A lot has happened in the past few months, but I'm at a loss to list them now. Well, I passed my third kyu test. That's an easy one.

As usual, I was nervous and overanxious before the test. I was particularly worried about kaitennage ura (see above video) for some reason. I had prepared, but not as much as I would like and felt a bit overwhelmed. Even so, I decided to go for it and see what would happen.

For the test, I was partnered with a guy from Michael McNally's dojo in Hoboken. I was lucky to get partnered with someone who knew the techniques and ukemi! (The memory of one fellow's test about a year ago kept haunting me. He just didn't know the techniques and Sugano-sensei stopped the test to call him out on it.) I can't remember my partner's name now, but he did well.

One scary moment, though, was when I was thrown during kaitennage. I came within an inch of the table Sugano and Mike Abrams senseis sit at when conducting the test! I just saw it go by out of the corner of my eye. The next day, I ran into Mike. He said some nice things, to which I answered, "Well, the best thing I did was not hit the table!" He said he put his hand over the corner to offer some protection as I went by. Honestly, I hadn't seen it. Just thinking about it makes my temple hurt!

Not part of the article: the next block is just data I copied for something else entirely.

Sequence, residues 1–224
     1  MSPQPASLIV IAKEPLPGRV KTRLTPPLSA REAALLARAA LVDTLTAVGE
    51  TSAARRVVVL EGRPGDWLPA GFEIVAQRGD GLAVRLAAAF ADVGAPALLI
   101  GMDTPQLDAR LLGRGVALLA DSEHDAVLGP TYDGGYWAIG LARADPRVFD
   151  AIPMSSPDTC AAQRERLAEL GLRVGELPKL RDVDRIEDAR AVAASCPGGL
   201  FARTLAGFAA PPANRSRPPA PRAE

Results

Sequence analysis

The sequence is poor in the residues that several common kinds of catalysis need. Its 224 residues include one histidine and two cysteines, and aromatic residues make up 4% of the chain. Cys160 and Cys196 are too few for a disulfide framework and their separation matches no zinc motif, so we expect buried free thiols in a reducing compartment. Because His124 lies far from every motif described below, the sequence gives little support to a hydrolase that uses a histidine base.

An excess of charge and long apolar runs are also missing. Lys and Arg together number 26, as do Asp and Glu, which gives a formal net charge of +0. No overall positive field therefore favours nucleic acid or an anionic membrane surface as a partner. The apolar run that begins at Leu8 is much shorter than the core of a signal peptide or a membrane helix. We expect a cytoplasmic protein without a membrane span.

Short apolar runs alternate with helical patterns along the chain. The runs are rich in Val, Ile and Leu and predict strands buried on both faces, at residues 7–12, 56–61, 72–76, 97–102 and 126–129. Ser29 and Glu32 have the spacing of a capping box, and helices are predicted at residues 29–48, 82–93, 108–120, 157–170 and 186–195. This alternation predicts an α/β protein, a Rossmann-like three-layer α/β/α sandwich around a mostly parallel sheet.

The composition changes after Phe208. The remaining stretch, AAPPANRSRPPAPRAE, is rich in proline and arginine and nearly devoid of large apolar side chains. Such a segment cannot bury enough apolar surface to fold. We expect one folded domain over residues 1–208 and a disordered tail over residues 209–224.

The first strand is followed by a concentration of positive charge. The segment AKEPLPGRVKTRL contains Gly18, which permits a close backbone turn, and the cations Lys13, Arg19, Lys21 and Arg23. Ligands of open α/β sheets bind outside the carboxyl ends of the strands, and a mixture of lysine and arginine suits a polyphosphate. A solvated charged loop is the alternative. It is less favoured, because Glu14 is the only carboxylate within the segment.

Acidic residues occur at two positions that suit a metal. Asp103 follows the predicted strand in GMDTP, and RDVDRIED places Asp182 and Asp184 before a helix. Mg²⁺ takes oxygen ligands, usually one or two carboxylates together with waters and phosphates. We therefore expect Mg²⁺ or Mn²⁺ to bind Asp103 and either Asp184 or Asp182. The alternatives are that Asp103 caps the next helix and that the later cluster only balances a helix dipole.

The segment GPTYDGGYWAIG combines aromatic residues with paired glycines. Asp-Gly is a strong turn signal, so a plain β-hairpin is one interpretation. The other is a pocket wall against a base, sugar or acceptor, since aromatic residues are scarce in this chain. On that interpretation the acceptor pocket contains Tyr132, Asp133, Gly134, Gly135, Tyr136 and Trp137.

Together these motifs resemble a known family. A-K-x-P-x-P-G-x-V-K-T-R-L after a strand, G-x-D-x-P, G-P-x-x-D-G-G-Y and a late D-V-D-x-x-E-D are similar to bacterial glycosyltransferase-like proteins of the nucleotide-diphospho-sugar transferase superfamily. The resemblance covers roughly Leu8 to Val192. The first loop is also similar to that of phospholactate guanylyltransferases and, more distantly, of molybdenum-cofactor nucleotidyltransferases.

Anyway, getting past that, things seemed to have gone well for everyone. The second and first kyus looked pretty good. Soon-jun, in particular, impressed the Aikipenguin.

After the test, as I do after every test, I swore to myself I'll prepare better next time. Maybe this time I will.